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In 2009, the Illinois General Assembly created a bipartisan task force to explore a CSA program in the state. The task force recommended that a savings account should be opened automatically at birth for every child born in Illinois, using the Bright Start Direct College Savings Program as the savings vehicle.This report examines what it will take to make these recommendations a reality. To better understand the Bright Start program and how to make it an effective savings tool for all families, we look at how Illinoisans are currently using Bright Start, and explore the challenges low-income families and families of color face in using Bright Start to save for college. We also examine how a CSA program could impact the racial wealth gap in Illinois. Finally, we make policy recommendations for the design and implementation of a CSA program to help Illinois families save for higher education.
Michigan Earn and Learn: An Outcome & Implementation Evaluation of a Transitional Job and Training ProgramApril 30, 2014
While the Great Recession introduced unemployment and underemployment to the masses, its significant negative trends aggravated already declining rates of employment in Michigan, particularly among less-educated, young, male, and minority individuals, who were then also hit hardest by the recession. As the nation began to slowly recover after the recession, Michigan continued struggling to find an economic foothold.The State of Michigan, along with private funders, responded with the Michigan Earn and Learn program, with the goal of creating opportunities for people facing barriers to employment to pursue education and occupational training that could help them get ahead. This evaluation report of the Michigan Earn and Learn transitional jobs program was commissioned by The Joyce Foundation on behalf of the State of Michigan.
* Do the skills, attitudes, and behaviors imparted in youth programs "stick" into adulthood?* If they do, how do they manifest in career, education, and life decisions?* How do the skills, attitudes, and behaviors that youth programs try to impart differ based on program intensity or levels of engagement?* Do these elements look different for people who went through youth media programs versus people who went through other types of youth programs?These are common questions that youth program providers, funders, public officials, and other leading thinkers regularly wrestle with. This report tells the story of a group in Chicago committed to providing quality youth media programming in the city and how, through a collective evaluation, they were able to begin to answer these critical questions.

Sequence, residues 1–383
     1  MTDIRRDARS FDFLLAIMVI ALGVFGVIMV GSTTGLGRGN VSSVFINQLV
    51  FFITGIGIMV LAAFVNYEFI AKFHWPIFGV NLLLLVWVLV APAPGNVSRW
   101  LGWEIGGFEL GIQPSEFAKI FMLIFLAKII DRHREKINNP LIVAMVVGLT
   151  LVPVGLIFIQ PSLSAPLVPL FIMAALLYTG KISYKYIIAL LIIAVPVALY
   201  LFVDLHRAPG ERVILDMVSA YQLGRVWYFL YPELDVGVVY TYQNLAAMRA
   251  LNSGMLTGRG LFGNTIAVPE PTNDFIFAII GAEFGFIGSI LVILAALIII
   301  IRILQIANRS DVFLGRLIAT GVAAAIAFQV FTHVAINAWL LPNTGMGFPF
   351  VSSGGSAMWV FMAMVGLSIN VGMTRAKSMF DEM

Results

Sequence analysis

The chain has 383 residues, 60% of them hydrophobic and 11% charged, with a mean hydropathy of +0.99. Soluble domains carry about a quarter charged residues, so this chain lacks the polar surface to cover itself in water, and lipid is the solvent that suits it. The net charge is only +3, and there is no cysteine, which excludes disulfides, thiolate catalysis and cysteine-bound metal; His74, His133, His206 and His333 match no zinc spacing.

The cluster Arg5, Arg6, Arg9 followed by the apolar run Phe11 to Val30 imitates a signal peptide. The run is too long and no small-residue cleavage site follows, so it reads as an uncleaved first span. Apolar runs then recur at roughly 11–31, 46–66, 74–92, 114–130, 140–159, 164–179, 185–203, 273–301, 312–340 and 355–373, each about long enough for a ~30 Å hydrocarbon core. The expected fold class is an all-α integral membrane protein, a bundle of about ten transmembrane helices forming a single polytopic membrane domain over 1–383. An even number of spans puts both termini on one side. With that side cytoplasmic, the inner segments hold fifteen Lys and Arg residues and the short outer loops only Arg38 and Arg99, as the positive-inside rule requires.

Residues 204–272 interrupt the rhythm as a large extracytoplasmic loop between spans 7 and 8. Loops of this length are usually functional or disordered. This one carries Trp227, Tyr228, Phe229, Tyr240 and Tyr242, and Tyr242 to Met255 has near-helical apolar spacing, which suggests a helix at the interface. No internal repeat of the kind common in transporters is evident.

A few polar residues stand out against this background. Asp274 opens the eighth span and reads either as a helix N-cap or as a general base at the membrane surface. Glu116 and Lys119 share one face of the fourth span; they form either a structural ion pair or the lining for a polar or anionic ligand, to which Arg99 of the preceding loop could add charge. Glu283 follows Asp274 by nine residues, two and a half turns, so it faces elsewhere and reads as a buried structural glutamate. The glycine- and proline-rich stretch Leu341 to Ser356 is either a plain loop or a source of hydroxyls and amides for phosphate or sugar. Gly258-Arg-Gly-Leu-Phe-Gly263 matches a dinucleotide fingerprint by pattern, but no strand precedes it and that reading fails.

Do the skills, attitudes, and behaviors imparted in youth programs "stick" into adulthood?If they do, how do they manifest in career, education, and life decisions?How do the skills, attitudes, and behaviors that youth programs try to impart differ based on program intensity or levels of engagement?Do these elements look different for people who went through youth media programs versus people who went through other types of youth programs?These are common questions that youth program providers, funders, public officials, and other leading thinkers regularly wrestle with. This report, funded by The Robert. R. McCormick Foundation, tells the story of a group in Chicago committed to providing quality youth media programming in the city and how, through a collective evaluation, they were able to begin to answer these critical questions.
This report examines an important aspect of economic racial disparity -- disparity in credit scores. The relationship between credit scores and minority presence illustrates a clear racial disparity in credit in Illinois. Though many related factors help to explain some variability in credit scores, even when controlling for them, racial differences in credit persist.Having a credit score is important for gaining access to things like education, better jobs, homeownership -- the very things that feed financial and social opportunity. While credit disparities exist in large measure due to the same historic policies that have limited access to broader financial opportunities for minorities, credit scores are particularly important to consider because they also impact individuals' future financial opportunities.In effect, credit scores can create a trap, one that minorities are more likely to fall into, thereby feeding the continued growth of income and wealth disparities.